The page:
A little bit peeved that Iron Wings was not the officially licensed game of the Iron Eagle series, that intense hatred towards NAPS Team soon subsided when it transpired that the game is actually alright.
Iron Wings takes place during World War II (1939 to 1945 – FACT), and you play one of two pilots; Jack, a member of the Tuskegee Airmen and Amelia from the WASPS. Nothing to do with Marvel.
Now, if you’ve put two and two together, you might conclude four, and that Iron Wings is a flight-based game. Congratulations, it is. While there are plenty of decent flight simulators out there, this errs more on an arcade aesthetic, aimed for the more casual player or those who can’t be arsed with gaining a license before take-off.
Iron Wings Review
That’s not to say that you can jump in willy-nilly. Before you get to blast those Nazi scum (the suffix is a given, right?), you have to learn how to fly the planes first.
For Jack, his introduction is a simple one; a public air show to reinforce the presence of the air force, but also test out the equipment. Flight is simple as it’s like playing an arcade game, but the planes still move with grace. Unlike similar titles, the aircraft in Iron Wings use a few gimmicks such as tuning into radio waves or taking pictures as if the prototype of Lockheed’s Blackbird.
The radio wave trick involves locking onto a target and flying within proximity until you bleed all the intelligence. This initially proves complex as you have to be pretty nimble to both fly your plane and use the right stick to tune into the frequency and hold it there. In handheld mode on the Switch, this got quite uncomfortable, so I spread my wings (eh, eh?) and switched (again) to the pro controller for comfort reasons.
Amelia’s introduction was a little more annoying as you have to put out fires and take photos of poultry. Well, not entirely accurate, but it’s farm-based, and you’re in a biplane. Again, the controls are quite tricky switching to the various features, but by the third mission or so, you’ll get used to it, as you will with the combat camera that zooms in on a target and the AI autopilots your plane.
I’m playing this down as at the time of playing the tutorials I was going crazy at how difficult it felt. It may have taken something like ten attempts to get past Amelia’s section, which for a tutorial really did suck arse.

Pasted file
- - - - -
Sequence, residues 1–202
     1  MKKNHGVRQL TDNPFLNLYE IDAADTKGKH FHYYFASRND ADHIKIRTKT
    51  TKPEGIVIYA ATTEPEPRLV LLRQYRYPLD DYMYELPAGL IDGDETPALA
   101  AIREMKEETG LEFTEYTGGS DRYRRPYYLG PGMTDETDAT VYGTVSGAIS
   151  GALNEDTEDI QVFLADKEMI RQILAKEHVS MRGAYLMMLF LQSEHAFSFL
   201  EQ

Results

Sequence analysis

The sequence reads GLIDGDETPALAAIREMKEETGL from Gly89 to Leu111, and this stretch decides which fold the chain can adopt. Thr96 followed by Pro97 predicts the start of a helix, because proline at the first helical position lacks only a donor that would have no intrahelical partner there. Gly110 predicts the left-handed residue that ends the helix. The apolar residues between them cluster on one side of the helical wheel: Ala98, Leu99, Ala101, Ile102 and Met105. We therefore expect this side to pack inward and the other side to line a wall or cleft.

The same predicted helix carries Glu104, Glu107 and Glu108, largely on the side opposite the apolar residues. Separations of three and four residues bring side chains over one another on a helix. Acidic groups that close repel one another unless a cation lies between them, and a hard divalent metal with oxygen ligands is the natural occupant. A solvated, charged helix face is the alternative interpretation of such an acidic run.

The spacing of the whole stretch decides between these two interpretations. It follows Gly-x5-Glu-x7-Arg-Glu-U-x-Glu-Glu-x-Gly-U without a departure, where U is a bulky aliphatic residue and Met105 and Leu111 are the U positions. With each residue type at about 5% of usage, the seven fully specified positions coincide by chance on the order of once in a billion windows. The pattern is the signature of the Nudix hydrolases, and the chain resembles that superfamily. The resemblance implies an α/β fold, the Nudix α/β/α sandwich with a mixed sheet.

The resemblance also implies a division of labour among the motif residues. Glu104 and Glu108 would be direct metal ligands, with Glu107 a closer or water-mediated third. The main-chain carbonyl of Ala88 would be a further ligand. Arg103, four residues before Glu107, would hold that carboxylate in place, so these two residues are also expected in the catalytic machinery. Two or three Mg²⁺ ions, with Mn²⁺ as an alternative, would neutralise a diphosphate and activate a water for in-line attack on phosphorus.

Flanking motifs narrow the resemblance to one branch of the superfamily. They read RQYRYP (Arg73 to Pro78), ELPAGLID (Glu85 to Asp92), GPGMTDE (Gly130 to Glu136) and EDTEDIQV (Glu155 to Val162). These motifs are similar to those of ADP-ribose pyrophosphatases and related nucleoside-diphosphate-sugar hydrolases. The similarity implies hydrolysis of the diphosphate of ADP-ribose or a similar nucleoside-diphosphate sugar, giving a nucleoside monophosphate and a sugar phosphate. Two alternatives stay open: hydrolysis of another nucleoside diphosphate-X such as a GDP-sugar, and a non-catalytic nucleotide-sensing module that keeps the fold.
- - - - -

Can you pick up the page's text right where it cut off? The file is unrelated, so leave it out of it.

Earn Your Iron Wings
Having the underrepresented minorities in World War II was a good approach as everyone played their part, but as we know, history tends to be a little biased in relaying back who did what. But Iron Wings isn’t historically accurate – it’s not that kind of game. I note that some geeky types have mentioned that a lot of the planes weren’t built right, or they got their zodiac sign wrong.
A more relatable couple of criticisms for gamers rather than historians would be the cutscenes. As a fan of cutscenes from back in the day of the original Final Fantasy VII, I gorge on them and seldom skip, but there was something quite rigid about the acting. Visually, I liked it. Setpieces were dramatic and applied a few aesthetically pleasing filters, but felt a little too disconnected on the human side. 1010110110.
Another aspect that will perhaps put you off is the sluggish controls. As a World War II setting, the planes in Iron Wings move slowly, equally their turning circle resembles a bus doing doughnuts in the parking lot after a sleepless night – it’s slow. This didn’t bother me so much as I could be a bit more strategic, switch between the other character to complete objectives before hitting the deck, and just going at a more leisurely pace.
But, and a Nicki Minaj Anaconda butt, there are timed sections, and they’re an absolute schweinhund. As a result, I had to redo levels again and again due to a lack of planning. If you can visualise an almost flawless plan, you’ll be alright, but there’s not much room for error, and it can feel like an age to get the plane to respond to how you see fit.
Overall, Iron Wings is an inoffensive arcade title that is worth playing on the Nintendo Switch. Sure, the graphics can be a bit ropey, and the controls are sluggish, but once you’re up in the air, it’s quite a chilling experience. Until the timer kicks in and the plane decides it will turn when it wants to turn and not before.